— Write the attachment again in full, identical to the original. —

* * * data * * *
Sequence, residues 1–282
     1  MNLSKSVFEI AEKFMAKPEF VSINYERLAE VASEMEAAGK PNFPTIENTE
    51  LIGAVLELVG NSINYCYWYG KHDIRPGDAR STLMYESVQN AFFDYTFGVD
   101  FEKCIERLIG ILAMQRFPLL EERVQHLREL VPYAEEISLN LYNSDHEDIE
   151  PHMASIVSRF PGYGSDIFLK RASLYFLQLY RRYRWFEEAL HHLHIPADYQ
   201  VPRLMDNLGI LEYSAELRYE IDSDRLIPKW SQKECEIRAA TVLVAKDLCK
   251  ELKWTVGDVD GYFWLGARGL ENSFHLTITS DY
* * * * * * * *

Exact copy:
Sequence, residues 1–282
     1  MNLSKSVFEI AEKFMAKPEF VSINYERLAE VASEMEAAGK PNFPTIENTE
    51  LIGAVLELVG NSINYCYWYG KHDIRPGDAR STLMYESVQN AFFDYTFGVD
   101  FEKCIERLIG ILAMQRFPLL EERVQHLREL VPYAEEISLN LYNSDHEDIE
   151  PHMASIVSRF PGYGSDIFLK RASLYFLQLY RRYRWFEEAL HHLHIPADYQ
   201  VPRLMDNLGI LEYSAELRYE IDSDRLIPKW SQKECEIRAA TVLVAKDLCK
   251  ELKWTVGDVD GYFWLGARGL ENSFHLTITS DY